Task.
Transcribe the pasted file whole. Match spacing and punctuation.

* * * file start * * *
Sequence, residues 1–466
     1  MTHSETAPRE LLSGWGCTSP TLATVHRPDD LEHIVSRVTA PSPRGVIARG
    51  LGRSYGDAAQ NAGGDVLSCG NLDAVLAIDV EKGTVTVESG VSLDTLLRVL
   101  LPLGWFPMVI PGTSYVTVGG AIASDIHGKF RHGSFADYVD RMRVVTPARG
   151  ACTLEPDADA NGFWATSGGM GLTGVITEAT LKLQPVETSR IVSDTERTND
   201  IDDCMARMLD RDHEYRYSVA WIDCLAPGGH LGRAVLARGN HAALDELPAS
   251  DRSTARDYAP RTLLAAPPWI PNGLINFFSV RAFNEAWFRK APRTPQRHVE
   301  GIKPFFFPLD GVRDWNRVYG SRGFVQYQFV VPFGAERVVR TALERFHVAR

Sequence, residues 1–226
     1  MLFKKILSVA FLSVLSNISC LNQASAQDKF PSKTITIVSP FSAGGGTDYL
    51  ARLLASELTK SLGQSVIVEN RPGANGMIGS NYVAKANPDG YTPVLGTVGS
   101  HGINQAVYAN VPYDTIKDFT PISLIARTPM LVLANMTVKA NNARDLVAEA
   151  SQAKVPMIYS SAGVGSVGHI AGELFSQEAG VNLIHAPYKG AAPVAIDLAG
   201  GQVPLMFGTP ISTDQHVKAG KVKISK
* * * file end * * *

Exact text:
Sequence, residues 1–466
     1  MTHSETAPRE LLSGWGCTSP TLATVHRPDD LEHIVSRVTA PSPRGVIARG
    51  LGRSYGDAAQ NAGGDVLSCG NLDAVLAIDV EKGTVTVESG VSLDTLLRVL
   101  LPLGWFPMVI PGTSYVTVGG AIASDIHGKF RHGSFADYVD RMRVVTPARG
   151  ACTLEPDADA NGFWATSGGM GLTGVITEAT LKLQPVETSR IVSDTERTND
   201  IDDCMARMLD RDHEYRYSVA WIDCLAPGGH LGRAVLARGN HAALDELPAS
   251  DRSTARDYAP RTLLAAPPWI PNGLINFFSV RAFNEAWFRK APRTPQRHVE
   301  GIKPFFFPLD GVRDWNRVYG SRGFVQYQFV VPFGAERVVR TALERFHVAR

Sequence, residues 1–226
     1  MLFKKILSVA FLSVLSNISC LNQASAQDKF PSKTITIVSP FSAGGGTDYL
    51  ARLLASELTK SLGQSVIVEN RPGANGMIGS NYVAKANPDG YTPVLGTVGS
   101  HGINQAVYAN VPYDTIKDFT PISLIARTPM LVLANMTVKA NNARDLVAEA
   151  SQAKVPMIYS SAGVGSVGHI AGELFSQEAG VNLIHAPYKG AAPVAIDLAG
   201  GQVPLMFGTP ISTDQHVKAG KVKISK